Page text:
For guerrilla leader Pastora, the road to Nicaraguan peace winds through the US
Washington — A leading Nicaraguan guerrilla leader says Cuba is trying to avoid a military confrontation in Nicaragua and favors a compromise political solution. Eden Pastora Gomez, widely known by his guerrilla alias, ''Commander Zero,'' says the United States should open a dialogue with Cuba in order to facilitate a resolution of Central America's conflicts.
According to Mr. Pastora, the worst thing the United States could do would be to intervene directly in Nicaragua with military force or encourage an invasion of Nicaragua by neighboring, US-supported nations. The result, he says, would be to solidify support behind the leftist-led Sandinista regime in Nicaragua, justify many of the Sandinistas' most radical actions, and ''save them in the eyes of history.''
The bearded Pastora considers himself a friend of Cuban leader Fidel Castro, but he opposes Cuba's involvement in Nicaragua. According to State Department estimates, Cuba's presence in Nicaragua includes some 2,000 military advisers and security personnel, as well as some 6,000 teachers and medical workers who are also said to have had military training.
Pastora split with the Cuban-backed Sandinista leaders of Nicaragua in mid- 1981, because he felt that they had betrayed their revolution. He now leads guerrilla forces fighting against the Sandinistas in the south of Nicaragua, but declares that he would prefer a political solution to a military solution for the Central American nation. Pastora says the armed men under his command now number about 4,500, marking a recent increase of more than 1,000.
Seeking American sympathy and support, Pastora is making his first visit to this country in several years. His previous visits had been under false identity on arms-buying missions for the Sandinistas during their struggle against the late Nicaraguan President Anastasio Somoza Debayle, who was overthrown in 1979. Pastora says he is not seeking any aid from the US government. He was scheduled to meet Monday with Assistant Secretary of State A. Langhorne Motley.
Reagan administration officials have regarded Pastora with some distrust because of his friendship with Castro and his offer of assistance to guerrillas fighting the US-backed regime in Guatemala, following his split with the Sandinista leaders. They also regard with suspicion a visit he made to Libya in 1982.
During the revolution against Somoza, Pastora gained international attention when he led a successful raid on the Nicaraguan National Assembly, capturing delegates and securing the release of prisoners.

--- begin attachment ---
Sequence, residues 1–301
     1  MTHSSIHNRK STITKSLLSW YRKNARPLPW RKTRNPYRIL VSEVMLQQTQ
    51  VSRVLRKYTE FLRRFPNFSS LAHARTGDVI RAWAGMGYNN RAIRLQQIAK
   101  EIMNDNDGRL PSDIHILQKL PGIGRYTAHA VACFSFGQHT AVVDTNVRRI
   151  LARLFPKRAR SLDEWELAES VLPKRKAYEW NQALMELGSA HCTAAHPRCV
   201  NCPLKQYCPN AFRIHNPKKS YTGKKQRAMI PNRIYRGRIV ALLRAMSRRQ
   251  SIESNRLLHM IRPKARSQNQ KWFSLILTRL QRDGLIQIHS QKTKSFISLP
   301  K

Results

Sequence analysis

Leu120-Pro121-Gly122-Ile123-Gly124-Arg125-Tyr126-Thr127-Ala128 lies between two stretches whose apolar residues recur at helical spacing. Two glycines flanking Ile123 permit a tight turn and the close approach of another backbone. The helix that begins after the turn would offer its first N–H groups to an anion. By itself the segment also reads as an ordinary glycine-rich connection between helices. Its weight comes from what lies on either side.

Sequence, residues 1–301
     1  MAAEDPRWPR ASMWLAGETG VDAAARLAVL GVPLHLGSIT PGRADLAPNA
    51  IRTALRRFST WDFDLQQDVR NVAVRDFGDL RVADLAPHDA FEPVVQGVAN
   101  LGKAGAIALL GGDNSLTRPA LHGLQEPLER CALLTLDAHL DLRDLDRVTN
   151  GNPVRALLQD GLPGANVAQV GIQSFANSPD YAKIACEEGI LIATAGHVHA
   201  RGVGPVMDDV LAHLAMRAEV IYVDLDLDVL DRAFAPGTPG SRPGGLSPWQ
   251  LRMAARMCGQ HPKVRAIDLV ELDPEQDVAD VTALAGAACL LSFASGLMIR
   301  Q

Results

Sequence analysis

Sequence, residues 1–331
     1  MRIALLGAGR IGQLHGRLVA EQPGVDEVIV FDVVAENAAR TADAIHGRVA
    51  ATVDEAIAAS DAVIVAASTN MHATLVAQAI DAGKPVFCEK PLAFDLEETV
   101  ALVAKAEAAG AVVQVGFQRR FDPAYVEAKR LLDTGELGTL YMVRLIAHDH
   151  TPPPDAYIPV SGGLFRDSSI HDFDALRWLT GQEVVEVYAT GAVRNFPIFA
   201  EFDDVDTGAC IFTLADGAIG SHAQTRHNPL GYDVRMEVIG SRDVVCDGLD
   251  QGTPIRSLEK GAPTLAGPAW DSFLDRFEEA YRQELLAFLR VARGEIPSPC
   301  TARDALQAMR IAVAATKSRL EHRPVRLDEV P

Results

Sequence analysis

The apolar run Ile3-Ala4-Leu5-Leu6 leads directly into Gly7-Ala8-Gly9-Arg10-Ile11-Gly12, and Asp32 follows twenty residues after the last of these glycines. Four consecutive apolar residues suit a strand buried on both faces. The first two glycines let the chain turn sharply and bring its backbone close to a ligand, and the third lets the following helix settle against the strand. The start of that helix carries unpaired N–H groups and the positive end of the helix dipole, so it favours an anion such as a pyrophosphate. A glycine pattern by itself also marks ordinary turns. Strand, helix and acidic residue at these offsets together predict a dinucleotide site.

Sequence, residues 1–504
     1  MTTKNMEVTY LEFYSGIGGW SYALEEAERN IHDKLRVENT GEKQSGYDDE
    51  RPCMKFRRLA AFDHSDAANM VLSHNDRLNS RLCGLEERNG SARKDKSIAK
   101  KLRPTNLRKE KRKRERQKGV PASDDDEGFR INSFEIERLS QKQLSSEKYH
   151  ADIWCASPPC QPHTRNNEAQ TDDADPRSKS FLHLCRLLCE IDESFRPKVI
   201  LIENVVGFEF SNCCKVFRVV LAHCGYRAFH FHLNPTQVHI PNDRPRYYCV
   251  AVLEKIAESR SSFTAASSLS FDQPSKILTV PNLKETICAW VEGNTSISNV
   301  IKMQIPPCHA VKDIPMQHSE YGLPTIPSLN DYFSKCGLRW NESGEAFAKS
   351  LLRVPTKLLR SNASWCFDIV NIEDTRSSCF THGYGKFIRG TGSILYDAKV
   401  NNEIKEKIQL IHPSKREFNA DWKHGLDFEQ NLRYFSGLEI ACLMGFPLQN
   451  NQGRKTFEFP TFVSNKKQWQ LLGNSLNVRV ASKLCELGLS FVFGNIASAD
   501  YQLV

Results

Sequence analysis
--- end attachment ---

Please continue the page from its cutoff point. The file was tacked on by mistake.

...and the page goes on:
In an interview, Pastora described himself as a fighter against the extremes of both left and right. He lists what he considers to have been four major mistakes made by the Sandinista leaders:
* To have ''fallen in love with the good life,'' thus isolating themselves from reality and from their own people.
* To have superimposed an ideological view over their national interests.
* To have opted for military moves, rather than having sought political solutions to their problems.
* To have aligned themselves with the Soviet camp, thus bringing Nicaragua into the East-West conflict.
Pastora adds that the Sandinistas had also made a mistake in giving military support to leftist-led guerrillas in El Salvador even before they had consolidated their own revolution. He says the Nicaraguans were also mistaken in encouraging the Salvadorean guerrillas to launch their abortive ''final offensive'' of 1981.
Pastora says he favors a political solution that would involve the ''most progressive'' elements drawn from among the contending groups in Nicaragua. Those groups would include the Sandinistas as well as some members of the political leadership of the CIA-backed forces now fighting in the north of Nicaragua. He says if such a formula is not accepted, ''we have no choice but to fight.''
But Pastora says he believes the Cubans favor a political solution and are not happy with the way the ruling nine-member directorate has been moving in Nicaragua. Pastora says it was at Fidel Castro's invitation that representatives of his movement, the Nicaraguan Democratic Revolutionary Alliance, met with Cuban representatives last June and July and again about a month ago in Panama.
Pastora's relationship with Castro is a complex one. Pastora says he was kept in Cuba for about 41/2 months last year, against his will. He says he went to Libya during that year ''trying to get out of Cuba.''
How could that happen to a friend of Fidel Castro's? ''There is a difference between personal friendship and ideological friendship,'' Pastora says.
The guerrilla leader adds that he doesn't see why his friendship with Castro should be regarded as a liability by US officials.
''It's an asset,'' says Pastora, adding with a laugh, ''The beard of Castro tickles them, and makes them lose control.''